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School Days

May 07, 2021

Hey Kids, Let's Have a Poetry Jam!

What’s the secret for firing up grade-school kids and making them eager to read and write poetry? Just ask Jill Corcoran, an award-winning poet and mother of three who runs art-music-poetry workshops at elementary schools in Southern California.

“The workshops have been amazing,” says Corcoran. “The kids go from looking at me like I am a space alien, to slowly participating in the workshop, to boldly sharing ideas, to creating poetry with confidence and pride. It’s a fantastic, dizzying writing session that culminates in a coffeehouse-like poetry jam.”

Here are Corcoran’s tips for creating a one-hour workshop that teachers (or parent volunteers) can do in their own classrooms:

Jill Corcoran’s Art-Music-Poetry-Jam Workshop

Suggested grades: 2 – 5
Time required: 1 hour
Supplies needed: Boom box with selected music, 11” x 17” white paper, crayons, pencils, Post-it notes, scotch tape

1. Briefly discuss the power of art, music and poetry to evoke emotion.

2. Give each student an 11” x 17” piece of white paper and crayons.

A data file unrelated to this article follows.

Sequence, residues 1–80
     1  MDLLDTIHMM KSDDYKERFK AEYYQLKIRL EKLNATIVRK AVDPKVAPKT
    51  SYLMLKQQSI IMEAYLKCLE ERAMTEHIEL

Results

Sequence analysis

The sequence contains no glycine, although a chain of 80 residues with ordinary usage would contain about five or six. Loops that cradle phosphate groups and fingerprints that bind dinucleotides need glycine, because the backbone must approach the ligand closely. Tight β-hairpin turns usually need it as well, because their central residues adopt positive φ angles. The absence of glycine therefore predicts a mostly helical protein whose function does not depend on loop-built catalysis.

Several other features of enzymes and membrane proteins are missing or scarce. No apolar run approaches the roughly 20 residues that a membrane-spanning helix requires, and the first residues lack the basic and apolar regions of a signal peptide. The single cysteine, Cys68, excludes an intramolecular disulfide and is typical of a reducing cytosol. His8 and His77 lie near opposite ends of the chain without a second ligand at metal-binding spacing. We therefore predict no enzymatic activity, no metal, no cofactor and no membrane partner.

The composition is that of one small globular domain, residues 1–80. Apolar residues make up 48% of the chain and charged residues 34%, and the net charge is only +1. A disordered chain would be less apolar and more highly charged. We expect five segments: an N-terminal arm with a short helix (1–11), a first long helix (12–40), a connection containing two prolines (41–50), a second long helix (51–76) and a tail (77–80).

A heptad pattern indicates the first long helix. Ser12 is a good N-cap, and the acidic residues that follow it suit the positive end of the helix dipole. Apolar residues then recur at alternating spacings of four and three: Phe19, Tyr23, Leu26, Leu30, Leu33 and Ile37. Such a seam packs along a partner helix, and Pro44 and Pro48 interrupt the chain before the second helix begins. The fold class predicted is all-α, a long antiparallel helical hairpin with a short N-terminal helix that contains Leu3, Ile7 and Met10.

3. Have students listen to music for several minutes and then draw whatever the music makes them feel.

4. Give each student a pad of Post-it notes and a pencil and have the students form a line to walk around the room and look at each picture.

5.  At each picture, the students write the first word that comes to their minds on the sticky paper. They leave that word with the picture. Instruct the students not to write words like “cool” or “fun,” but to write nouns, verbs or strong adjectives.

6.  The students then return to their pictures to find 20+ words written by their fellow students.

7.  With their words and pictures in front of them, and the music playing once again, students create a poem from the words they have been given. (Once their poems are finished, have each student tape their Post-it-notes poem to the back of their picture. Otherwise the notes tend fall off.)